New York City could face up to $700 million in potential federal funding cuts from the Trump administration, along with more than $750 million in cuts from Albany.
At the hour-long presentation of his $88.67 billion preliminary budget for fiscal year 2019 at City Hall on Thursday afternoon, Mayor Bill de Blasio said the $700 million figure includes a loss of $400 million a year to NYC Health +Hospitals—the city’s public hospital system—if Congress does not reinstate Disproportionate Share Hospital funding payments, which support low-income and uninsured patients.
The cuts also include a $200 million loss in capital funding because Trump’s tax law reduces investor interest in the Low Income Housing Tax Credit, an affordable housing tax credit. And as of Jan. 1, the city lost its ability to refinance debt on tax-exempt bonds, which comes out to a loss of $100 million annually.
The mayor projected cuts could surpass $700 million after the president releases his budget this month.
De Blasio said the “plus side” is that members of the U.S. House of Representatives and the U.S. Senate fought against the repeal of former President Barack Obama’s Affordable Care Act, saving health insurance for 1.6 million New Yorkers and “lessening the blow” to NYC Health + Hospitals.
“Compared to what I would have thought a year ago, the budgeting process—although it’s been abnormal, dysfunctional—it has yielded less negative for New York City than we originally feared to date as the continuing resolutions basically froze things in place,” he said.
But he argued there is “no guarantee of that being what happens next.”
“No one knows what’s gonna happen in the next midterm elections,” he continued. “So it could be the status quo, it could be a big change, but what we do know is the president is in place for three more years, and some of the worrisome realities around budgeting could certainly [be] exacerbated.”
De Blasio said the city will also see more than $750 million in potential risks from Albany. Gov. Andrew Cuomo’s executive budget, which cuts or shifts $400 million in fiscal year 2019 for critical programs.
And the mayor did not include funding in the budget for the Metropolitan Transportation Authority (MTA), telling reporters he is not open to increasing the city’s contribution to the MTA “under current circumstances.”
“This budget process proceeded against a backdrop of tremendous uncertainty, particularly in Washington and to some extent in Albany as well, and we said to ourselves as we embarked on this process that we would have to be very careful and very sparing in the actions that we took, but that we would make decisions based on a very simple notion and it’s one I articulated in my inauguration speech,” de Blasio said. “The question is: What will help us, the fairest big city in America? This is the central notion.”
Morris Peters, a spokesman for the New York State Division of the Budget, disputed de Blasio’s projections.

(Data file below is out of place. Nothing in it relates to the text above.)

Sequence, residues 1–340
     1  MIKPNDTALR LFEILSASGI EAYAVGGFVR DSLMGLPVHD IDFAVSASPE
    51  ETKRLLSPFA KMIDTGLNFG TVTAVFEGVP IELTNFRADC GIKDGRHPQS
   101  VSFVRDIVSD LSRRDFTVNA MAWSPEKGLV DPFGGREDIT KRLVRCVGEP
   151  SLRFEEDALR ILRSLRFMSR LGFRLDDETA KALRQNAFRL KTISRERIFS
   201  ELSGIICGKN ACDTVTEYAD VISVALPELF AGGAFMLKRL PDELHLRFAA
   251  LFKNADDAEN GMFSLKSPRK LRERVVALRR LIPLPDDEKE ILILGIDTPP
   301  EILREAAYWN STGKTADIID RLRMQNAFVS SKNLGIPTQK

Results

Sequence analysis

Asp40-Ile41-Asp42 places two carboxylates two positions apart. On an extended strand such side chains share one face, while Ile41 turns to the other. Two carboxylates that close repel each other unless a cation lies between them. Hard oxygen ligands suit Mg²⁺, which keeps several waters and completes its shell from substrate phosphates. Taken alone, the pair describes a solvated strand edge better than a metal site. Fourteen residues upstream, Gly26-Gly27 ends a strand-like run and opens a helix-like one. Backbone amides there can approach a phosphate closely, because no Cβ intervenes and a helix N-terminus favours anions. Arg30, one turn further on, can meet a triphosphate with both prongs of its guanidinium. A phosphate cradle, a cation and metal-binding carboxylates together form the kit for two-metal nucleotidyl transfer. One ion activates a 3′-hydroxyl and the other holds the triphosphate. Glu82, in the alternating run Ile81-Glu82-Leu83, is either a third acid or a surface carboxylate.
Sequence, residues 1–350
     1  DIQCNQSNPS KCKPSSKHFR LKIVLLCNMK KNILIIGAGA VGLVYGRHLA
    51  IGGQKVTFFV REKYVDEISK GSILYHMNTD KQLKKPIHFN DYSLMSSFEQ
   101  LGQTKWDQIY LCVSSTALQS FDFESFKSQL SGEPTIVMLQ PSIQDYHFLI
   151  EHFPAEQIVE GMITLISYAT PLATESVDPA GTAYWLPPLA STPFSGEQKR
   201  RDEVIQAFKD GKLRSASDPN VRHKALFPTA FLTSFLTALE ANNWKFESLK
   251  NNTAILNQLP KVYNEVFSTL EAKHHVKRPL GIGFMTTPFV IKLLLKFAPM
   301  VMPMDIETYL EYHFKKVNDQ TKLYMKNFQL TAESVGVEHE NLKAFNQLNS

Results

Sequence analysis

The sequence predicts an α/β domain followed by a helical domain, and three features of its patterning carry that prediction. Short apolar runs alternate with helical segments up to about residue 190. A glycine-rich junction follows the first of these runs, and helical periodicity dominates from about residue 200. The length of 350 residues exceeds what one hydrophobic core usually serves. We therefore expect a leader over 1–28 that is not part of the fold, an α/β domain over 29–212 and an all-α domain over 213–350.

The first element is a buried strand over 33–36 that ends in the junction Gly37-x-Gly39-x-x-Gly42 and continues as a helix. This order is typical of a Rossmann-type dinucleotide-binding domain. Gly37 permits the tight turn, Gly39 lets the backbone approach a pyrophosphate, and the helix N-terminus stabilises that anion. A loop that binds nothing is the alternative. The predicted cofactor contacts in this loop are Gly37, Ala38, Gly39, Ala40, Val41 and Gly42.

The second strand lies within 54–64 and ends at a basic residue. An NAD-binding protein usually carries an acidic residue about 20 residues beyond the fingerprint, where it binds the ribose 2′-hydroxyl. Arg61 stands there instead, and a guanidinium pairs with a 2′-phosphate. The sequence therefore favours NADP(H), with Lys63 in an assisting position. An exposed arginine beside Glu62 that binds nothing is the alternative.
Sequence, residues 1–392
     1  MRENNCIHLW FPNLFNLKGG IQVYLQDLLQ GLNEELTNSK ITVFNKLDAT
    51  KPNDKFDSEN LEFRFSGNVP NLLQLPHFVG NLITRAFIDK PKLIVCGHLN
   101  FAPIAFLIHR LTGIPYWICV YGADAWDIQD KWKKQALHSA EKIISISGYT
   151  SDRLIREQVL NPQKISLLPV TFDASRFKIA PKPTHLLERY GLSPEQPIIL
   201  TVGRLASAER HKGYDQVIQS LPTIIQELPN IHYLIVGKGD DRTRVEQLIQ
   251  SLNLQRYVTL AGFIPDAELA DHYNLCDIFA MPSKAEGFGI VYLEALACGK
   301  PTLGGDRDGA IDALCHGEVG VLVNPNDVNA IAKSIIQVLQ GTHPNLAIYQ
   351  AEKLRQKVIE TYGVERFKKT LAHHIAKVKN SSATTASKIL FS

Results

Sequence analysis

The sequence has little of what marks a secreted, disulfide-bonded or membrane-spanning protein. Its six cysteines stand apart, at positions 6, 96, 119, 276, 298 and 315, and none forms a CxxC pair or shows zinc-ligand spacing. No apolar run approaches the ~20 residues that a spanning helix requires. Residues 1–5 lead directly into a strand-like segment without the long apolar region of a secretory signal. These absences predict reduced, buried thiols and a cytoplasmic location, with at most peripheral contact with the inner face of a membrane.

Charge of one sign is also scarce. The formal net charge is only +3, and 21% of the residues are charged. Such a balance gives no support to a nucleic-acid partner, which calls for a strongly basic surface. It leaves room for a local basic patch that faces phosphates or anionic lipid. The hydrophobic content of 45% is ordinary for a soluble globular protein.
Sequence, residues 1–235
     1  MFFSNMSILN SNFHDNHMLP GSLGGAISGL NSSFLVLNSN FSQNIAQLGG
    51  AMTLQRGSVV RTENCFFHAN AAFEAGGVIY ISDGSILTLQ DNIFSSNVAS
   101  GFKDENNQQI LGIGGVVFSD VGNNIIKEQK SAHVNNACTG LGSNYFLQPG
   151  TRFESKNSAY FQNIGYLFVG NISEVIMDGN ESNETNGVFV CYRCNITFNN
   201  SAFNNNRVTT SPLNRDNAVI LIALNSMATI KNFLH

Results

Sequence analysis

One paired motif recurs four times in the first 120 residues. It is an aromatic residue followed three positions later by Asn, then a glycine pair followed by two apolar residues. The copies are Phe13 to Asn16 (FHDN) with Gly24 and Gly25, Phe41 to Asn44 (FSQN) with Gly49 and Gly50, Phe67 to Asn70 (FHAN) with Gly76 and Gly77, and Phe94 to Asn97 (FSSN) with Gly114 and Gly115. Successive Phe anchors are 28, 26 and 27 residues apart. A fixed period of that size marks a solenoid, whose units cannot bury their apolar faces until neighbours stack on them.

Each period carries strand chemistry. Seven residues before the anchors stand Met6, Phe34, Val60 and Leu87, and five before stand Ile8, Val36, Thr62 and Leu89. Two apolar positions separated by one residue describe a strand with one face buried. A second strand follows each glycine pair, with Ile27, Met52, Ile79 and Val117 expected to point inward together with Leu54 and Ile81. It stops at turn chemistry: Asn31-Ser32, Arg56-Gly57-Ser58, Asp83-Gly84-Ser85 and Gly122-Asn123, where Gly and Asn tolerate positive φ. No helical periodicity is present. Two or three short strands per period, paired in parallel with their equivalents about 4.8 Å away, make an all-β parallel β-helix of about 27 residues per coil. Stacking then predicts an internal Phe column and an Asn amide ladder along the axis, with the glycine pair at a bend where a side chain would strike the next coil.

“While closing a $4.4 billion gap, this year’s budget sends $16.5 billion in aid to the city—more than 40 percent of funding awarded to all local governments—and a half billion dollar increase over last year,” Peters said in a statement. “The state’s budget includes a $248 million increase in school aid, $212 million more for the state takeover of Medicaid, and $60 million in additional tax revenue—calling this significant increase a cut is disingenuous and the city should check its math.”
The MTA blasted the mayor’s decision to not include funding for the MTA.
“The subway is the lifeblood of New York City and it’s a shame the Mayor continues to show a complete unwillingness to help fix it,” Jon Weinstein, an MTA spokesman, said in a statement.
De Blasio’s budget includes $900 million in savings across fiscal years 2018 and 2019, in addition to $1.3 billion in health care savings in FY2018, FY2019 and every year after. The city, de Blasio said, has saved roughly $300 million across FY18 and FY19 from a partial hiring freeze.
And the $750 million added to FY18 and FY19 since the November financial plan is offset by savings.
The budget includes new investments in the areas of education, housing and public safety. Those investments include expanding the 3K for All initiative that seeks to bring free, full-day early childhood education to all three-year-old children.
It also includes an additional $200 million in capital funding to improve heating systems at 20 New York City Housing Authority developments over the next three years and $12 million to equip all 18,000 police officers with body cameras by the end of the year—a year ahead of schedule.
De Blasio said the investments “are very modest” given the uncertainty the city is facing with funding sources.
City Council Speaker Corey Johnson told reporters ahead of de Blasio’s presentation that the budget “doesn’t have a whole lot of new spending that’s delineated.”
“We have to ensure that when we make these spending decisions, we’re doing it wisely and prudently for the future finances of the city,” Johnson said.
This story has been updated to include a statement from Cuomo’s office about the lack of funding for MTA in the city’s budget.